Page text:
This modern production method by no means ends at the gates of the Smart Factory. The integrated, order-oriented production approach, which embraces the entire value chain from the raw material to the finished industrial product, requires cross-company thinking and the guaranteed smooth sharing of information by data logistics.
The associated challenges are immense. For one thing, a huge flow of data is to be expected, which necessitates an extensive reorganization of the IT infrastructure. Rapid expansion of the networks is therefore inevitable if the project is to succeed.
However, besides the qualitative and quantitative expansion of the data networks, the area of data logistics is confronted with another highly complex and currently much discussed task: how to guarantee comprehensive data security. In addition to ensuring that data is available to authorized users, the maintenance of confidentiality in particular plays a key role. Intruders and the loss or unauthorized sharing or confidential data must be avoided at all costs. Consequently, data logistics experts are faced with the task of developing and implementing wide-ranging security concepts and standards.
The linking of data and transport logistics
As Industry 4.0 takes shape, transport logistics will also play an even more important role alongside data logistics. This especially entails the complete linking-up of all elements involved in the transport chain. In larger areas this is already a reality and in daily use in a number of applications: flexible route planning based on forecasts of the traffic situation or weather and software-assisted management of traffic flows are but two examples. But the technical development doesn’t stop there. The introduction of intelligent, self-driving vehicles in a traffic infrastructure based on the Internet of Things will open the door to completely new dimensions and bring about more automated and flexible logistics solutions.
In this area data and transport logistics go hand in hand. The former provides the information which is then used to optimize the transport logistics. The more extensively information on capacity, weather, traffic, and vehicles is shared, the more efficiently the growing logistics flows can be managed. In an age where production is growing and ever smaller batches are transported (keyword: e-commerce), the production and distribution sides are virtually dependent on the efficiency and flexibility of the transport logistics. The vision of a fourth industrial revolution in general and the concept of the Smart Factory in particular can only become reality in the first place if the logistics can guarantee that raw materials, primary products, and articles ready for shipping are in the right place at the right time.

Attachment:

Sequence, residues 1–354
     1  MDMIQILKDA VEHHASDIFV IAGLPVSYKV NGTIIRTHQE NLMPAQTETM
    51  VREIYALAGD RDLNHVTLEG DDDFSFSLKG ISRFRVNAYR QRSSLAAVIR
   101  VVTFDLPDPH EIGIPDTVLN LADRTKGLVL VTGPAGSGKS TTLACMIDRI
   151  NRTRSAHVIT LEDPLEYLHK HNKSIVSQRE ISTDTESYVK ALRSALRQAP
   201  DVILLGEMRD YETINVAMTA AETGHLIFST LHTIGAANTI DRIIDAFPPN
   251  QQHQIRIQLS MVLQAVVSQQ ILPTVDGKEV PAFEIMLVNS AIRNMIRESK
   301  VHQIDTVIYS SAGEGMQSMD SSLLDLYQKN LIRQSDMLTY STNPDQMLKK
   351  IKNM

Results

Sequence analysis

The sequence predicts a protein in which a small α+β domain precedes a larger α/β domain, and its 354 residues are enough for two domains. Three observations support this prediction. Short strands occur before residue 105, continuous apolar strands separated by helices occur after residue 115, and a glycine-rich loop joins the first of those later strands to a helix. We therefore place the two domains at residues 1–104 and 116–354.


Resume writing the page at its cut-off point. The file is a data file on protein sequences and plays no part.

It is to be expected that smart technologies will gain acceptance in production sooner or later. But how will this affect storage logistics? Will the development take the same or a similar form in this area?
There are enough signs that this will be the case.
Smart transport systems in the warehouse
One big trend in intralogistics operations of the future is the introduction of “cellular transport systems” in the warehouse. This involves swarms of autonomous vehicles which can sense their surroundings independently using laser scanners, infrared sensors, and RFID chips, and navigate to their respective destinations autonomously.
With no central control system these devices deal with incoming transport orders among themselves, set rules governing the right of way, and share data on the position of each vehicle in the warehouse. Since each shuttle processes information on a decentralized basis, the entire control system is spread across a number of virtual shoulders. If disruptions occur, the vehicle swarm reacts on its own and rectifies the problem.
Autonomous transport robots
This is where both Kardex Remstar and Servus Intralogistics come into play. In keeping with the keyword “Smart Factory” the two companies have developed a new solution for optimizing their customers’ internal production logistics.